Milchsuppe: The Swiss Soup Famous For Halting A 16th-Century War

Truth is stranger than fiction, they say. While this may be true depending on what genre we're talking about (presumably not one where talking unicorns feature prominently), certain historical anecdotes about food do seem as if they could have come straight from the pages of a storybook. Such is the origin of Kappeler milchsuppe, which is a somewhat bland dish with a rather dramatic (alleged) backstory. (There are always caveats, and we will cover those in due time.)

Kappeler milchsuppe, while it may contain aromatics, seasonings, and cheese for flavoring, has but two main ingredients: bread and milk. As legend has it, each ingredient was supplied by one of two opposing sides in a 16th-century Swiss religious war. The Protestant canton of Zurich, it seems, wanted to take over the Catholic canton of Zug, and the Zugians (Zugites? Zugsters?) naturally objected. A war ensured ... or would have, but a last-minute attempt to negotiate a peace treaty led to a delay in hostilities. The bored, hungry troops started mixing and mingling (they were fellow countrymen if not coreligionists) and soon Protestant bread met Catholic milk and soup ensued. Disinclined to fight on full bellies, the combatants put off their clash for another day, but it was postponed indefinitely when that peace treaty was finally signed some two weeks later.

So is the milchsuppe story true?

The milchsuppe moment was memorialized in a monument that stands on a hill above Lake Zug (the site of the battle that did not happen), while a famous painting that hangs in Zurich's Kunsthaus Museum depicts soldiers laying down their arms to take up soup spoons instead. These days, milchsuppe still makes an appearance on tables where bickering Swiss politicians sit down to dine as a reminder that once before, two opposing sides (purportedly) found common ground.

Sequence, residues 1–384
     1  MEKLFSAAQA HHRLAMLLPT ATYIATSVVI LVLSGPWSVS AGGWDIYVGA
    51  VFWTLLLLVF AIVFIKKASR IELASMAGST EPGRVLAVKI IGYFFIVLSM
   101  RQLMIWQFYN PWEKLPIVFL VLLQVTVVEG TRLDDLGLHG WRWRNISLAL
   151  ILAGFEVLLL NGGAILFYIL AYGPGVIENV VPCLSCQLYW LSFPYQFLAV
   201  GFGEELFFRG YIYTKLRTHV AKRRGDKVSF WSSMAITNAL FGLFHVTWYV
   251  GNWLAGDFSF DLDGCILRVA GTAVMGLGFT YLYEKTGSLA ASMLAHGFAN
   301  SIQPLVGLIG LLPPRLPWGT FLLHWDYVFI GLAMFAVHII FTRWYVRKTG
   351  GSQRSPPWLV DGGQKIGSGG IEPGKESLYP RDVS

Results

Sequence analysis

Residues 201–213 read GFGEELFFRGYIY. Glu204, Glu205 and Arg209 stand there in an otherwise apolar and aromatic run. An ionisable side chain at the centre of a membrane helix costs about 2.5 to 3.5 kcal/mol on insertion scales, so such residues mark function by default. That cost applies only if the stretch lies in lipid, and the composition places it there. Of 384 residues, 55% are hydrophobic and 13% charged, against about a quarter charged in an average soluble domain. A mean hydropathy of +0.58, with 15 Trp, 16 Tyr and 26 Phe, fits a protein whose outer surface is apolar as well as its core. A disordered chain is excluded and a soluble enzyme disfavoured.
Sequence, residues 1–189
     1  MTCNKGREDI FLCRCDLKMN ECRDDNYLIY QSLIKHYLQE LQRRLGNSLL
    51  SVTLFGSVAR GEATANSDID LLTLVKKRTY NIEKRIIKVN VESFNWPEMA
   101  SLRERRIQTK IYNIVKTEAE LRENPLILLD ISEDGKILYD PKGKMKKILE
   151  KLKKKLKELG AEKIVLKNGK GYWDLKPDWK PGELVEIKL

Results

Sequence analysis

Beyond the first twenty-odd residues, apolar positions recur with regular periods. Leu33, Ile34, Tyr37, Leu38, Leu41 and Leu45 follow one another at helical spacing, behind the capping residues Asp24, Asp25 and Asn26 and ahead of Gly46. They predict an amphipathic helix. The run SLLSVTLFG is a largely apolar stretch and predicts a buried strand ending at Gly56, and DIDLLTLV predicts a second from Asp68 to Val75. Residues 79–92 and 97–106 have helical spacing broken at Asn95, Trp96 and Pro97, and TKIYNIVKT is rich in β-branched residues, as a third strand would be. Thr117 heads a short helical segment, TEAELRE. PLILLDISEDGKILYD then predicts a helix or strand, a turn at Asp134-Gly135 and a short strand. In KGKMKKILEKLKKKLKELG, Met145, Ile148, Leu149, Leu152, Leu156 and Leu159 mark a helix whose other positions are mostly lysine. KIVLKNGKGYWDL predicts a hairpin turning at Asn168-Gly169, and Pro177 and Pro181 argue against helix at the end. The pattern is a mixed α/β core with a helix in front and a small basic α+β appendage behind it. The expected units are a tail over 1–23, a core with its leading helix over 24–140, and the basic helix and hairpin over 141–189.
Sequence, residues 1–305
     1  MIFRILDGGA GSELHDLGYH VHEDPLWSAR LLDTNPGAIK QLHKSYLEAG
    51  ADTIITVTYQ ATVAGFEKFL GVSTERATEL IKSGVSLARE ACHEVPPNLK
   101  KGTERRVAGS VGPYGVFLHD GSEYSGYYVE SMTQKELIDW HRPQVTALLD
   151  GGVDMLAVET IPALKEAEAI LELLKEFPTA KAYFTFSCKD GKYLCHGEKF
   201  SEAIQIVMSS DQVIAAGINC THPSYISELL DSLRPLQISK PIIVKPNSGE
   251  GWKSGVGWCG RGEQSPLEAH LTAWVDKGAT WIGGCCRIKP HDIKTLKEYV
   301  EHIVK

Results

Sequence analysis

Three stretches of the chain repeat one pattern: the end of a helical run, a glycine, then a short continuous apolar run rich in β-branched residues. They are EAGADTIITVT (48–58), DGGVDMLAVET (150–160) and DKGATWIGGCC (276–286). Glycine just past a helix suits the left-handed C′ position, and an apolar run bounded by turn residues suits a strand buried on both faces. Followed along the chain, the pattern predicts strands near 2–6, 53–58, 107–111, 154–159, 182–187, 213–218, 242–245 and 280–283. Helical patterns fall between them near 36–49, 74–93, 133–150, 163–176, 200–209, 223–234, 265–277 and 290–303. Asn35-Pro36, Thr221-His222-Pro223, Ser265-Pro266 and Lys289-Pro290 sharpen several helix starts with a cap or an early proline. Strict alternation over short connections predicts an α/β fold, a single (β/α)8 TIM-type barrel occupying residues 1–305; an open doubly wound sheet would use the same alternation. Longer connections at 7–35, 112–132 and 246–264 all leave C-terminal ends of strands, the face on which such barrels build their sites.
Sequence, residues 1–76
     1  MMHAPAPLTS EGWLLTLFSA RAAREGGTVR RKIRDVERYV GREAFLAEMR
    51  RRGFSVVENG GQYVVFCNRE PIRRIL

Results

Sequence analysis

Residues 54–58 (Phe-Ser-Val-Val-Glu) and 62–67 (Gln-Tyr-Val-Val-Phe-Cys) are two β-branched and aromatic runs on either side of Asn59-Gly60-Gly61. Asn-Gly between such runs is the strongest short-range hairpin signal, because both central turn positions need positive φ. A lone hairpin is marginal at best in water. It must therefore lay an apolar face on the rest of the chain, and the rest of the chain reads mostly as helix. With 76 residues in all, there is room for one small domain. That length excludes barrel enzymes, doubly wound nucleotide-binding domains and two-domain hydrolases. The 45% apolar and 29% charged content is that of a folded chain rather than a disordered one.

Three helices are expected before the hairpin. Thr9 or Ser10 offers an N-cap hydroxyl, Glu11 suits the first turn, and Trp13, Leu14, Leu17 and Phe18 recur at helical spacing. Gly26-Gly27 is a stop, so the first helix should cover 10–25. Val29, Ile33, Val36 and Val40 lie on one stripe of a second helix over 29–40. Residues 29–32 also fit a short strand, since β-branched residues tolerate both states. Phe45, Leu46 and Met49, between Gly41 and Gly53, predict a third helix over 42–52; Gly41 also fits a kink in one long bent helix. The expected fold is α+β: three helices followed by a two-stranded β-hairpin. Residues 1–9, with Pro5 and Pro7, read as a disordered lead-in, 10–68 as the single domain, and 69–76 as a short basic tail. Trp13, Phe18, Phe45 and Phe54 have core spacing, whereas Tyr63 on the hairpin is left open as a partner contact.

Ahh, but did it actually happen? Some historians claim there's no truth to the story, while others admit that it may have been slightly exaggerated. What's more, the temporary truce didn't last, as the battling Zs (Zurich and Zug) were back at it again just two years later. Still, it's to be noted that short-lived alliances between opposing sides in a war are not unknown: The Christmas Truce of 1914 found German and British soldiers singing Christmas carols and playing soccer in No Man's Land for a day or two, although they, too, resumed their originally scheduled World War One after the holidays were over.

Interestingly enough, the soup story also bears resemblance to a folktale called "Stone Soup" which tells of people combining their resources to make a soup that all can share. The first English-language version, dating to the early 19th century, is set in the Zurich area and was written by a Swiss immigrant who may have been familiar with the milchsuppe incident.